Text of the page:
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Only one side (of me) this time, I fear, owing to alarums and incursions this week. We got burgled on Monday evening, 7 July. Well ... dispensing with the dramatic overstatement, some swift and light-fingered person nipped through the back door (having presumably climbed a highish garden wall) and – while we were busy elsewhere in the house – made off with Hazel's nice new shopping bag, which was empty, and one of my tatty old jackets, the latter unfortunately laden with wallet, keys and cheque book. In the orgy of plastic-card cancellations that followed, Barclaycard scored highest by getting a replacement to me by registered post as early as the 10th. But as you can probably imagine, it's the loss of 'worthless' trivia that rankles most: things like an Oxford Union membership card dating from my first term at college, and a long-expired BCCI (yes, honest) credit card carrying a picture of Harlech Castle and a particular holiday flat just visible in the background. Snarl. Cue quote from J.P.Martin: 'We are at once starting a revenge so fearful that anyone who speaks of it will develop lockjaw.'
BSFA Fun. I thought the Diana Wynne Jones evening was particularly successful – and indeed audible; perhaps it was a hearing-aid failure that left me disgruntled with what I look back on as the Great Baxter/Stableford Mumbling Competition.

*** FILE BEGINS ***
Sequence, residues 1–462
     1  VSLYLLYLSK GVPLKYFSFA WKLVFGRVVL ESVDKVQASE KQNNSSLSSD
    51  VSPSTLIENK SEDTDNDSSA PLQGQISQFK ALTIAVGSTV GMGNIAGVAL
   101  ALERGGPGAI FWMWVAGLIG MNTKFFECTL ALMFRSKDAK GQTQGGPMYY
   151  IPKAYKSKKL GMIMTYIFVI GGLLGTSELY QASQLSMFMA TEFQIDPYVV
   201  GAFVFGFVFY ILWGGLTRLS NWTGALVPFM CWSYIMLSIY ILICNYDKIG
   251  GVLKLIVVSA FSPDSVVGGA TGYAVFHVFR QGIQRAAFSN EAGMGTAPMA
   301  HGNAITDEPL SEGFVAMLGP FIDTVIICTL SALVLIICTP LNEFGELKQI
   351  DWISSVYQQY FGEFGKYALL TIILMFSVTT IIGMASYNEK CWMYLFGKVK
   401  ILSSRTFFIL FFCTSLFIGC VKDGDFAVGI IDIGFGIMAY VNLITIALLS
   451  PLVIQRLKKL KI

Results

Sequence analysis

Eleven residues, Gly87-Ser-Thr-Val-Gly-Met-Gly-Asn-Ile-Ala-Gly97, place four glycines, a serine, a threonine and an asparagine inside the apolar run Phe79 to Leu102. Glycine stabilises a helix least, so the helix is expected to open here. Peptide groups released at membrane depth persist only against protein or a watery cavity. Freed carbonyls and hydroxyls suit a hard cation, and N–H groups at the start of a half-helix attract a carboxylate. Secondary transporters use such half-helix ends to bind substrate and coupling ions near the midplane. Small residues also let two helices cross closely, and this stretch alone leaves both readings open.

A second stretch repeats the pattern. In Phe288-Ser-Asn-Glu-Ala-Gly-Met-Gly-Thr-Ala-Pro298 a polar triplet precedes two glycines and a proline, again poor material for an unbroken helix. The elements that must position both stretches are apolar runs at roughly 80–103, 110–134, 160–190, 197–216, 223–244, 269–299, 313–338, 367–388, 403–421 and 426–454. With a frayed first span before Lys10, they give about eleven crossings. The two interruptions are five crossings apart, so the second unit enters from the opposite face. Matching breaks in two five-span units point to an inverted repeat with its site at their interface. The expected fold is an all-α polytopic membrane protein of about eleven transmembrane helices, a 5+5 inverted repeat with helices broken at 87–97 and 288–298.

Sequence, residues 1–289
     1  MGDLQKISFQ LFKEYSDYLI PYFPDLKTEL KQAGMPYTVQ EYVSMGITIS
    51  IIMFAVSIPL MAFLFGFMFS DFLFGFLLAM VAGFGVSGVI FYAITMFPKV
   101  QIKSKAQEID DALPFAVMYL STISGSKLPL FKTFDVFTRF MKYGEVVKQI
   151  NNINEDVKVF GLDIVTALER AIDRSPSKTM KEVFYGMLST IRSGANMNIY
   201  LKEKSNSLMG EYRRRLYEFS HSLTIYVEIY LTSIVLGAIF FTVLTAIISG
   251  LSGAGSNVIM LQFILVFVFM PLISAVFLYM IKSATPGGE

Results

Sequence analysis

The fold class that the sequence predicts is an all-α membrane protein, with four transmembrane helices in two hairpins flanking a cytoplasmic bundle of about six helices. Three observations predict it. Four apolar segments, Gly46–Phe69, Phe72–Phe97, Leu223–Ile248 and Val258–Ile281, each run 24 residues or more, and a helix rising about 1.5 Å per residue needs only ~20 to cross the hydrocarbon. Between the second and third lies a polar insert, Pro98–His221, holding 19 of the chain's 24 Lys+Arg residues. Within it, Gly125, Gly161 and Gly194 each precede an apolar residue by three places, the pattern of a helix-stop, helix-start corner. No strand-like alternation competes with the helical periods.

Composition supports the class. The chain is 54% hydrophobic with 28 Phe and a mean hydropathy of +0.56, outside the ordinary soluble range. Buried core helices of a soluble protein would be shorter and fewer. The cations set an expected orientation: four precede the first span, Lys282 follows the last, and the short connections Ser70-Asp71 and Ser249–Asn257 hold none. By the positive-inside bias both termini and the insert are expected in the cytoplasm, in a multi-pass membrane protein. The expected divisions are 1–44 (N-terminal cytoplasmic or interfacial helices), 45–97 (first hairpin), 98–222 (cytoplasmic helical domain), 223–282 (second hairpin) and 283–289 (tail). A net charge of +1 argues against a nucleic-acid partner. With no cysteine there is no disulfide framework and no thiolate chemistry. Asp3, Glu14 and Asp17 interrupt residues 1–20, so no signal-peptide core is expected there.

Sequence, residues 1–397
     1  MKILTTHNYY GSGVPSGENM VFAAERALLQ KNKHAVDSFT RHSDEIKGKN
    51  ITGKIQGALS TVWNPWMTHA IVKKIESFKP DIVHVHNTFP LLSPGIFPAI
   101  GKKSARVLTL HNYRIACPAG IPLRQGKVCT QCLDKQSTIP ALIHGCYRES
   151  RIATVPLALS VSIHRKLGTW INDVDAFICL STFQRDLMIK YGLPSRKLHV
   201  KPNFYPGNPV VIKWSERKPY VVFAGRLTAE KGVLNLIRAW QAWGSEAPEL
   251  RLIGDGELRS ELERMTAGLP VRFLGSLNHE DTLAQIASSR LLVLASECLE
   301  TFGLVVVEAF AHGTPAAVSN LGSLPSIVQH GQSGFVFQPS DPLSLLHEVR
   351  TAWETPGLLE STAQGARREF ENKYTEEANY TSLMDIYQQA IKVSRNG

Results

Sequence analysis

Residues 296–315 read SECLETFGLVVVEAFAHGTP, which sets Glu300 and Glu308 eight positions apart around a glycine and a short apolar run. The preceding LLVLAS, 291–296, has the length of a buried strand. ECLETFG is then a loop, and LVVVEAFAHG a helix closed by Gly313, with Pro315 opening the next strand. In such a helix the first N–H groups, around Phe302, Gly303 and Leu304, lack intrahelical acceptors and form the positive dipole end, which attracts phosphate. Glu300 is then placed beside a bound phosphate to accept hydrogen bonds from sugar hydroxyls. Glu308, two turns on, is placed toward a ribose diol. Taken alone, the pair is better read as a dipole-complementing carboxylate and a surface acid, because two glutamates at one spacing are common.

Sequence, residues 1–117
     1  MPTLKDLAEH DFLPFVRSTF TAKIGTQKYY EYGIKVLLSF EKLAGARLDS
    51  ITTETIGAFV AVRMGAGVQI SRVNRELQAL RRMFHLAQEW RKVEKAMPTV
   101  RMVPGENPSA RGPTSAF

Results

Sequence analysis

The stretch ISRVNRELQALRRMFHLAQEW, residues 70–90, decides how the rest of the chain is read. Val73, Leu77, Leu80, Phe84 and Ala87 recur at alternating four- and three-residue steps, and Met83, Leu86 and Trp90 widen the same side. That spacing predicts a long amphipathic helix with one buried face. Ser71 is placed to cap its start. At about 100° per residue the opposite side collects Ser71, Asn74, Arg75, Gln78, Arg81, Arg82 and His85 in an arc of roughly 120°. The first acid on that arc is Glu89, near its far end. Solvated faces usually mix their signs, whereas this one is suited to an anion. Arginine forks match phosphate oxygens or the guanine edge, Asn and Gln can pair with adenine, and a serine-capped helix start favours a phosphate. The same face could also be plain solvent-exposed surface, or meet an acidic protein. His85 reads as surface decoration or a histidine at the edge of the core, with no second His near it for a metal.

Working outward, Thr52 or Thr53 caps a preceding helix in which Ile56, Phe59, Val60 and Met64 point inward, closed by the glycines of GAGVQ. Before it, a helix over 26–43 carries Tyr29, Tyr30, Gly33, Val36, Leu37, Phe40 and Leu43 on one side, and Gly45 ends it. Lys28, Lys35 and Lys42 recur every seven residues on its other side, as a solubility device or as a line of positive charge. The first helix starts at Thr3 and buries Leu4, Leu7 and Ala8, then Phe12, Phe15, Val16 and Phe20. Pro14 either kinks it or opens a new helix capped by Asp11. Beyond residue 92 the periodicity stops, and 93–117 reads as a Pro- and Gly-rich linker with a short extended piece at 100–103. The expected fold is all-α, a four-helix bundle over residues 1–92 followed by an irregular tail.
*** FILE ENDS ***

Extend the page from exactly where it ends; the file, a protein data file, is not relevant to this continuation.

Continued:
Feeleywatch. Further to my snippets about famous critic Greg Feeley in CC74, I've bagged another Feeley Fan! Jonathan Carroll, interviewed in SF Chronicle (6/97), grumbles as follows: '... you will frequently have silly critics, like Gregory Feeley, who will say, "This doesn't fit the category, therefore it's not a good book," which is as ridiculous and provincial a comment as can be made, because the whole wonder and delight of fantasy, to me, is that anything goes.'
Commonplace Book. '[Robert] Graves, a devoted gardener, has long been in the habit of naming compost heaps after friends. During my visit he honoured me by naming his latest compost heap after me.' (Brendan Gill, 1975)
Thog's Paunch Masterclass. The spirit of Thog is everywhere; here's US newspaper columnist Jon Carroll quoting from the dire-sounding thriller Total Control by David Baldacci ...
'George Kaplan was fifty-one years old with thinning, gray-edged hair that covered a wide head; he carried a small paunch on a five-foot-seven-inch frame.' Carroll: 'I'm picturing one of those IV stands on wheels that they use in emergency rooms; the paunch is suspended from it, looking sort of like a dismembered bagpipe.'